Updating seat covers
The C200 forgoes extraneous features you wouldn’t use anyway, and it comes with a remote.Toto’s Washlet C200 offers all the features you could want on a bidet toilet seat—warm water, a heated seat, an oscillating water stream—without crowding in a ton of costly and confusing-to-navigate extras.With six options for water pressure, water temperature, and seat temperature, you’ll be able to adjust this bidet to your preferences.But those are the only options—it lacks other frills, and it takes a few seconds to warm the water.(We didn’t test it, but it’s similar enough to our top pick that we’re confident recommending it.) The main difference is that this model has a white plastic side control panel attached to the seat, as opposed to the C200’s gray remote, which attaches to the wall.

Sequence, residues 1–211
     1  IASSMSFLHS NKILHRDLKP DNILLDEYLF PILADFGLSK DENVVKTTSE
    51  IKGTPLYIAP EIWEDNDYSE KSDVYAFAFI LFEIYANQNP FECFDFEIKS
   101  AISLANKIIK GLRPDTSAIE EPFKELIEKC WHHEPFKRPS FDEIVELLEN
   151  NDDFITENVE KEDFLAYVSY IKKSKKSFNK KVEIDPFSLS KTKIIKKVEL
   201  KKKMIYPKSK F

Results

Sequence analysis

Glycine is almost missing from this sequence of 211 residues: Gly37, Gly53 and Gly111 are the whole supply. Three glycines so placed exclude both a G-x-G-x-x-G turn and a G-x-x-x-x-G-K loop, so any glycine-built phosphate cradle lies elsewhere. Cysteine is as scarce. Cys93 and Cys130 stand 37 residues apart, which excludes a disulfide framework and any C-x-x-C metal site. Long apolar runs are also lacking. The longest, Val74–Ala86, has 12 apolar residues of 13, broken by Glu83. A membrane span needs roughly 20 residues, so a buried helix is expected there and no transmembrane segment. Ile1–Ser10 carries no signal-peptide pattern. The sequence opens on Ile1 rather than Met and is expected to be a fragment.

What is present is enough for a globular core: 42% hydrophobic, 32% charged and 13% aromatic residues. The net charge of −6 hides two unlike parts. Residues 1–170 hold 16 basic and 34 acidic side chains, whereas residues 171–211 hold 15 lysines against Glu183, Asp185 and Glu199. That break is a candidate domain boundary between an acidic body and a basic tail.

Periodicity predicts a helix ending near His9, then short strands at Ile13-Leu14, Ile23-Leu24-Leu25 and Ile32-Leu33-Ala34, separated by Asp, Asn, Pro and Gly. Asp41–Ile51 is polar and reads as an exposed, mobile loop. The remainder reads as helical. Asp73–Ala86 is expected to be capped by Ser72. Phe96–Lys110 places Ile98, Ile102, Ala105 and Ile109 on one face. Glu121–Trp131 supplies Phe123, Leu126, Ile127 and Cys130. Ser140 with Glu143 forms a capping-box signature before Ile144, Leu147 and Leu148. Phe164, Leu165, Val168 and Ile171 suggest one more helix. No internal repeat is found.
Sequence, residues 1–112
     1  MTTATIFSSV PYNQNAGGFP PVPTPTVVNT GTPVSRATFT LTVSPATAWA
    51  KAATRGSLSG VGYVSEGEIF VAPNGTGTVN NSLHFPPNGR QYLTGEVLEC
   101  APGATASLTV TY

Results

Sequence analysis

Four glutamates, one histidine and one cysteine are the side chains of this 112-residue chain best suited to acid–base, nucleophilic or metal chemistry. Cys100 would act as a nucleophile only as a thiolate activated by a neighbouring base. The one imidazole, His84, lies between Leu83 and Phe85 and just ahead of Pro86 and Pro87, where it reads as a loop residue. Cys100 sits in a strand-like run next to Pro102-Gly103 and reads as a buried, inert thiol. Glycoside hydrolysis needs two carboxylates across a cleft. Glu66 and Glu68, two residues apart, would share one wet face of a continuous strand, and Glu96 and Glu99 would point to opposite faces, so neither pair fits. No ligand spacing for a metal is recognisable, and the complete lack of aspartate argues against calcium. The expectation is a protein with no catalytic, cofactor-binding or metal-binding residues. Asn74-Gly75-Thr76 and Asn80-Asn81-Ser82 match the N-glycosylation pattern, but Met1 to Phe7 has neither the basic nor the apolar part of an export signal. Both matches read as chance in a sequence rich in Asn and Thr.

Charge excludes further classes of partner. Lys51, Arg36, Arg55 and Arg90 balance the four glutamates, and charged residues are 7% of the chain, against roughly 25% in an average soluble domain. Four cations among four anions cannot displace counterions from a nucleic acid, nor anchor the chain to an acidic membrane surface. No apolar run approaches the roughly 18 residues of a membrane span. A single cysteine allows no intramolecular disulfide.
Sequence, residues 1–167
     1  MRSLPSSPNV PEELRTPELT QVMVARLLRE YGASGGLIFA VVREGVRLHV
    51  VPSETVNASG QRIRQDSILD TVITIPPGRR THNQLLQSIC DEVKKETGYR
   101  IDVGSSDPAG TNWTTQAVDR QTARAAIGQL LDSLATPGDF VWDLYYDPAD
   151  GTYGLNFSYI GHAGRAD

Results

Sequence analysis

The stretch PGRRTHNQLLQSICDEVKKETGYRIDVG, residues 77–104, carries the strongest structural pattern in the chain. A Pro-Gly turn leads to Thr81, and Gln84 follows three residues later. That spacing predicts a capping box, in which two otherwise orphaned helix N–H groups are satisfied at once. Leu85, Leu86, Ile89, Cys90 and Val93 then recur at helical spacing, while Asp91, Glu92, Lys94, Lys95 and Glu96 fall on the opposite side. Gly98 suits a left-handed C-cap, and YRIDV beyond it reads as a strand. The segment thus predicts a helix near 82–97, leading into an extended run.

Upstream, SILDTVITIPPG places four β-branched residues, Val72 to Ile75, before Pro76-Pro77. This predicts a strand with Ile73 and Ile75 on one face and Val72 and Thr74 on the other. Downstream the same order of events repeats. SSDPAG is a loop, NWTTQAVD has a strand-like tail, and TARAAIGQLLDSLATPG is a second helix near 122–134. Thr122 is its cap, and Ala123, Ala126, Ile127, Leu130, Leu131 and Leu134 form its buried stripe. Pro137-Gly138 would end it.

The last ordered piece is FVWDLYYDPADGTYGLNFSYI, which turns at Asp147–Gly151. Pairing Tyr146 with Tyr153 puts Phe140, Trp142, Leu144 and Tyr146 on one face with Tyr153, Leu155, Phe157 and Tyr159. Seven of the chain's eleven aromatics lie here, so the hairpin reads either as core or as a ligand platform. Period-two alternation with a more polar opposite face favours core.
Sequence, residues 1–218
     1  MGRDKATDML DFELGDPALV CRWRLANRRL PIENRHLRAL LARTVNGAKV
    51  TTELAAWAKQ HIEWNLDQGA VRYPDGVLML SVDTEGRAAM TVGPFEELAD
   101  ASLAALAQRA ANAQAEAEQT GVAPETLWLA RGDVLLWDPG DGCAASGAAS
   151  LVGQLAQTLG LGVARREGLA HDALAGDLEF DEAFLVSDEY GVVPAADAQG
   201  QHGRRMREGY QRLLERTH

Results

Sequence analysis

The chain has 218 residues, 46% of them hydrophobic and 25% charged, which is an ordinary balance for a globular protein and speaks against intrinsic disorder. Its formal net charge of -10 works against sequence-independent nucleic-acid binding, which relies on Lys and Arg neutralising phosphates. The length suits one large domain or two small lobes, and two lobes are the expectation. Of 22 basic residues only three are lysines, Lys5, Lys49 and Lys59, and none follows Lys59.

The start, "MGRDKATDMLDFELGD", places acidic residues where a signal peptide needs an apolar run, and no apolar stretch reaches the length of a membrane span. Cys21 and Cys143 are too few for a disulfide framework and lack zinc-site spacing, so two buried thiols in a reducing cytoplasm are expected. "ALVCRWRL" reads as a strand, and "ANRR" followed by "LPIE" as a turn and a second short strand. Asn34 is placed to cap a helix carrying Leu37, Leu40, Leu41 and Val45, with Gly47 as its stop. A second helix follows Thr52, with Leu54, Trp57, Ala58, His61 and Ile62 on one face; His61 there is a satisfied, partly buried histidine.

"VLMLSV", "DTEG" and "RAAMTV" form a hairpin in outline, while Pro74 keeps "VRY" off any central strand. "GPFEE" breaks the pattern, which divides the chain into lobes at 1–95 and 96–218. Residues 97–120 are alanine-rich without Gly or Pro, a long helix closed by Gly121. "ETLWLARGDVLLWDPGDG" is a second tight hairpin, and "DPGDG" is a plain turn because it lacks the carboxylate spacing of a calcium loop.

I interviewed Kyle Bazylo, a bidet salesperson, about the most popular features.
We spent six weeks and made hundreds of trips to the bathroom to test bidet toilet seats—easy-to-install devices that wash your bottom with warm water—and we took more than 20 hours to interview experts, scour the scientific literature, and survey bidet owners.
Out of the dozens of models we looked at, the Toto Washlet C200 stands out as the best for most people.
is even too kind of a word—sometimes it’s more like a smear. Seemo, a Wirecutter reader I conversed with via email, grew up in Kuwait, where middle-class families like his had traditional French-style bidets in their homes, and most public bathrooms featured toilets with sprayer attachments.
When Seemo was a teenager, he moved to North America, where bidets are virtually nowhere to be found. “No one had given me the heads up that bidets are not a thing here.” He’s now a recent college grad living in Montreal, where he has an attachment for his toilet in his apartment.